Week in family law: Support for abuse survivors, questions over divorce centres and calls for an inquiry

Family Law | 17 May 2019 0

“Thousands of survivors fleeing abusive and violent relationships will receive greater protection thanks to a new package of support.”

So says a press release published on Monday by the Prime Minister’s Office, amongst others. It continues:

“For the first time ever, councils across the country will be legally required to provide vital life-saving support in secure accommodation for survivors of domestic abuse and their children – ensuring need in their local area is met.”

We are also told that:

“Local authorities will also be required to work together with neighbouring councils to ensure domestic abuse services reflects the needs of local people – including targeted, specialist support for BAME, LGBT and Gypsy, Roma and Traveller survivors.”

The Prime Minister herself commented:

“I’ve always vowed to leave no stone unturned in tackling domestic abuse – this abhorrent crime has no place in our country. And today we are ending the postcode lottery by placing on local authorities a legal duty to deliver support, including secure housing, to survivors of domestic abuse and their children. Whoever you are, wherever you live and whatever the abuse you face, you will have access to the services you need to be safe.”

It all sounds good, but obviously there is no point giving a duty to local authorities if those authorities do not have the funds to comply with the duty. I am aware that some new funding has been made available, but whether it is enough, I don’t know. And obviously extra funding will be required not just now, but into the future.

Moving on, questions are being raised over the future of the eleven regional divorce centres, which were established in 2015 to handle all divorce cases in England and Wales. As I mentioned here, in his latest View from the President’s Chambers the President of the Family Division Sir Andrew McFarlane said that the centres

“are being phased out during the current 12-month period and replaced by an online system based in the new national Civil and Family Service Centre at Stoke on Trent.”

However, a government spokesperson has said that no final decision has been made on the divorce centres. The centres, whose performance has recently been criticised both by Sir Andrew and the previous President Sir James Munby, may have their problems, but I’m not sure it’s a good idea to transfer to an entirely online system, if that is what Sir Andrew is suggesting. We must remember that there are still many people, particularly of the older generation, who are not online, and in any event I’m not sure I would like a world in which we are all required to be.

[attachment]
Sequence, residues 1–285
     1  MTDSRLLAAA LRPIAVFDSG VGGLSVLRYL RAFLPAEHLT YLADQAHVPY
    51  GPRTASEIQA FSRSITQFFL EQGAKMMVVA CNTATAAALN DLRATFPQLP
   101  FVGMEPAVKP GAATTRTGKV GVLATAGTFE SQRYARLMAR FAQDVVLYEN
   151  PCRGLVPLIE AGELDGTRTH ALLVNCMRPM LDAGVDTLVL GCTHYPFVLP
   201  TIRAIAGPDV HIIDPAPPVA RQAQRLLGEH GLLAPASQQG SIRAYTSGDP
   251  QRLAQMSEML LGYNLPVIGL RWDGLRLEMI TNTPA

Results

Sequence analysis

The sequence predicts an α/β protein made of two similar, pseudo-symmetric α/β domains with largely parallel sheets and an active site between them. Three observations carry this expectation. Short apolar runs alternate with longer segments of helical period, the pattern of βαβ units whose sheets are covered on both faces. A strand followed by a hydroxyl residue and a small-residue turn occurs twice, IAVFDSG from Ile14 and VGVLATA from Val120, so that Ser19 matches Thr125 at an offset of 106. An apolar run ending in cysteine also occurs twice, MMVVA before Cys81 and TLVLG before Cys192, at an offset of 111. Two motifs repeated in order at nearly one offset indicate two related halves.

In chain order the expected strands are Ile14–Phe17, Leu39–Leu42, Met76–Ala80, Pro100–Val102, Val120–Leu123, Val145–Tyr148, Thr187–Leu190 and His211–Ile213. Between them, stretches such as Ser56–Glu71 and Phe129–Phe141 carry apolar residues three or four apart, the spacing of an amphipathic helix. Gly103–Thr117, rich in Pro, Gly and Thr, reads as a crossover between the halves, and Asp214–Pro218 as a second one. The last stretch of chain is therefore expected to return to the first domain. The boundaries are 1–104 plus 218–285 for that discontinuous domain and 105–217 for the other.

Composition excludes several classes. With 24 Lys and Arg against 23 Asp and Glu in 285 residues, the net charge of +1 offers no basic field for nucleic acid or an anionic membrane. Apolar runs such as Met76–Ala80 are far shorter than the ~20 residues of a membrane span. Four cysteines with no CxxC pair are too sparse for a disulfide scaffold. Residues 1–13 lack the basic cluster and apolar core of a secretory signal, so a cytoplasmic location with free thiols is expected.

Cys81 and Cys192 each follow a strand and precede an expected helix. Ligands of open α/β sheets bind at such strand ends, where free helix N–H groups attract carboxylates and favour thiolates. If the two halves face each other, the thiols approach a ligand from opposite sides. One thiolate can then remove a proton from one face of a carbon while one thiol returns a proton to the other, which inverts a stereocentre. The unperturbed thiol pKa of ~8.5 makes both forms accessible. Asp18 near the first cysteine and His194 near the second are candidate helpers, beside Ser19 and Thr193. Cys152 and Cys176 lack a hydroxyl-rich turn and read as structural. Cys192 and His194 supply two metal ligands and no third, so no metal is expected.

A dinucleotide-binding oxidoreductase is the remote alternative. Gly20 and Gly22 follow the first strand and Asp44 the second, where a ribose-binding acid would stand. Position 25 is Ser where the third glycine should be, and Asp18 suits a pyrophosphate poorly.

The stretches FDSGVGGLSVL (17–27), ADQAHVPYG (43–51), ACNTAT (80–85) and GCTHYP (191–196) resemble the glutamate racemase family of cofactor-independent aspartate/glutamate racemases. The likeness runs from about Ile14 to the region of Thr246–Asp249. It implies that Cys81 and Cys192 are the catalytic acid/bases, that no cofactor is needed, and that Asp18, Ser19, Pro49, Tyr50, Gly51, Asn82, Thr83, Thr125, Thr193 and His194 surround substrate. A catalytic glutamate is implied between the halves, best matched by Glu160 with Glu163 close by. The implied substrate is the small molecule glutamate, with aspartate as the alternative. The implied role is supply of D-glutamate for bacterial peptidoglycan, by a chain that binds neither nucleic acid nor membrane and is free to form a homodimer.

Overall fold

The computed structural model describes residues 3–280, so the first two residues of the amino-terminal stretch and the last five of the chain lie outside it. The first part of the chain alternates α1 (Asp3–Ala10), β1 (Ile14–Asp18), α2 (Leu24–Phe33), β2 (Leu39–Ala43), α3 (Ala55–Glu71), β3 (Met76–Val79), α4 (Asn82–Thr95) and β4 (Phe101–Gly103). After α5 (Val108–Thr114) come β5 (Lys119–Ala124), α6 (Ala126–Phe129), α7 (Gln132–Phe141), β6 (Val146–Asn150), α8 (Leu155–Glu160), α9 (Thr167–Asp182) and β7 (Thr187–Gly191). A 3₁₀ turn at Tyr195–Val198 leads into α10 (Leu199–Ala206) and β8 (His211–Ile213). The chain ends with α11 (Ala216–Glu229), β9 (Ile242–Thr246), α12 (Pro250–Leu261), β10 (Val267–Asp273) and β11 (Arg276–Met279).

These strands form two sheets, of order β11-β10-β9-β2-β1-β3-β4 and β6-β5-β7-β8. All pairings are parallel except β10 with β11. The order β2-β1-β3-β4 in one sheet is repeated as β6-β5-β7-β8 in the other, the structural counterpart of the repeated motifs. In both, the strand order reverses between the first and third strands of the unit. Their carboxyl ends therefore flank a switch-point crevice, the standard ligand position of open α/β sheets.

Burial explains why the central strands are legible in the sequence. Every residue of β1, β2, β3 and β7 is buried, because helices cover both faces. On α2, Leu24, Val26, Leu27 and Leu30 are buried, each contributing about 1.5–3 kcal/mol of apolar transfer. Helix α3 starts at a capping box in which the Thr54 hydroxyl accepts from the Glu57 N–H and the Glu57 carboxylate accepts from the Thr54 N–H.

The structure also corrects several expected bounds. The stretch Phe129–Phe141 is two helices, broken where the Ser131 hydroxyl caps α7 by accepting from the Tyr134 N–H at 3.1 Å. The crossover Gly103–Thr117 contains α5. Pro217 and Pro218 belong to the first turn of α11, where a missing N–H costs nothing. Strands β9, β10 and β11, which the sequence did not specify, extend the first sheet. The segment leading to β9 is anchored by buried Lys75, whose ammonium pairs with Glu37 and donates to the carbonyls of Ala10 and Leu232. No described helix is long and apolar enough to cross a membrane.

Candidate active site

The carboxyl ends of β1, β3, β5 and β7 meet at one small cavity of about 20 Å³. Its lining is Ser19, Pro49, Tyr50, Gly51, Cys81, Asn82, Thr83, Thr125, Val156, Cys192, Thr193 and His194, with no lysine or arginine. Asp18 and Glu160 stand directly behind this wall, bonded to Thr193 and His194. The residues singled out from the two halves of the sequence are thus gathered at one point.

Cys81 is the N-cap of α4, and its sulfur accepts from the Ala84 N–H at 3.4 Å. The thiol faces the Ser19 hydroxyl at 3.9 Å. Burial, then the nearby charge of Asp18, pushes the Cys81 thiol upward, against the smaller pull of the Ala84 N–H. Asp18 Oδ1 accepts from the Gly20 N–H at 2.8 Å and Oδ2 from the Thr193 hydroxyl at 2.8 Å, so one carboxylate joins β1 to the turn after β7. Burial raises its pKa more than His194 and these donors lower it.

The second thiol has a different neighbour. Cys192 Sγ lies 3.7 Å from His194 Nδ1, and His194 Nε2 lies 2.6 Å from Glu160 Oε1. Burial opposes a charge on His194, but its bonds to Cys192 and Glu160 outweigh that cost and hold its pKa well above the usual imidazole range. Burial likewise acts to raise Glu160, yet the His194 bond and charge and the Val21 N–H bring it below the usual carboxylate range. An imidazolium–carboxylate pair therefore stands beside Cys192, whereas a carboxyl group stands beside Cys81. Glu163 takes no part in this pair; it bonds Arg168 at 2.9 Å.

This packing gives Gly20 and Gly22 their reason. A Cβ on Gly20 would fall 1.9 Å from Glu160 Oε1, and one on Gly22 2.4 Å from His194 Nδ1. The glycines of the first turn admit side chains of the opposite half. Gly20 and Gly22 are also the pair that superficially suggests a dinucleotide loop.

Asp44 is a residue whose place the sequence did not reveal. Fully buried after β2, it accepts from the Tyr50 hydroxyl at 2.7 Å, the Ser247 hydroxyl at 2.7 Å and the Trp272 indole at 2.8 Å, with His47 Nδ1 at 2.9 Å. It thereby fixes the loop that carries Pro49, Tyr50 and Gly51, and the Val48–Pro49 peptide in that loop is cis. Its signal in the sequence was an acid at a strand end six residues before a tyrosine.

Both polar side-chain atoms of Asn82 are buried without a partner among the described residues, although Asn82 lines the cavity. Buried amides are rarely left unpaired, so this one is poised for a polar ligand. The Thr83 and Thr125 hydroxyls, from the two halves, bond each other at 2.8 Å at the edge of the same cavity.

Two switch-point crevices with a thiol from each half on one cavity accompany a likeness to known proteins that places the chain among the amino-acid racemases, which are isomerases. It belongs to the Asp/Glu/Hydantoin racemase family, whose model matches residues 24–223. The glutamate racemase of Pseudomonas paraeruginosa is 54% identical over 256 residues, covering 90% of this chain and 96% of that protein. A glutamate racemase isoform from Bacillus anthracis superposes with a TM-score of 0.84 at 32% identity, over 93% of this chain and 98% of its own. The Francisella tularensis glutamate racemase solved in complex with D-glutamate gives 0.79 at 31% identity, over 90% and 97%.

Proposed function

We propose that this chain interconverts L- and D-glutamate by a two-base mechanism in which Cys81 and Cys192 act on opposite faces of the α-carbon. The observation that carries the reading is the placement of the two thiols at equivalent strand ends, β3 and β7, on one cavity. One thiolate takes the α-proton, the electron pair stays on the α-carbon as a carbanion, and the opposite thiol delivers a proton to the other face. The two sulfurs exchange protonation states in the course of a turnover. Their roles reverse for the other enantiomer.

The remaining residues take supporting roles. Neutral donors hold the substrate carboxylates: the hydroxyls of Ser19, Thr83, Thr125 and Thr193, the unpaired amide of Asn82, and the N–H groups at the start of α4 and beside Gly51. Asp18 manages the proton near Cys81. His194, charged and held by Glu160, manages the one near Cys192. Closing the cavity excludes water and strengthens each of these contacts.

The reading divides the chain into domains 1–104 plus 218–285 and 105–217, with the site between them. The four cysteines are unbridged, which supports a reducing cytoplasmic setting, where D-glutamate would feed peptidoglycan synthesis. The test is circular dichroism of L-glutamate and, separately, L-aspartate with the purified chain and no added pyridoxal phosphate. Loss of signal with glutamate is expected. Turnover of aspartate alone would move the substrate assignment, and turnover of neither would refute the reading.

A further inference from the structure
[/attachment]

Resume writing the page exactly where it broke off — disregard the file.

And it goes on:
The latest figures for care applications and private law demand, for April 2019, have been published by Cafcass. In that month the service received 1,084 new care applications. This is 2.3 per cent (25 applications) lower than April 2018. As to private law demand, Cafcass received 3,719 new cases during April 2019. This is 7.5 per cent (258 cases) higher than April 2018. We are now having a clear picture of a long-term downward trend in care cases, and a long-term upward trend in private law cases.

And finally, the family justice system has come under scrutiny this week from the BBC’s Victoria Derbyshire current affairs programme. On Wednesday we had a headline on BBC News which originally read “Children killed by parents after court-ordered access”, but was subsequently changed to “Call for inquiry into abusive parents’ access to children”, and yesterday we had a headline which read “Voices of children overlooked in family courts, says ex-head”.

Each headline was accompanied by much BBC television (and doubtless radio) coverage, not just on the programme but also on the news and elsewhere. The call for an inquiry came from a group of over 120 MPs, who wrote to the Secretary of State for Justice (and Lord Chancellor) David Gauke asking for the inquiry to look “into the treatment of victims of domestic abuse and violence in the family courts to establish the extent of the problem [i.e. of courts granting contact to parents who are known to be abusive] and if more fundamental reform is required to address this issue.” The call was rejected by the Prime Minister at Prime Minister’s Question Time on Wednesday, but I suspect that we have not heard the last of it.

Have a good weekend.

John Bolch often wonders how he ever became a family lawyer. He no longer practises, but has instead earned a reputation as one of the UK's best-known family law bloggers.

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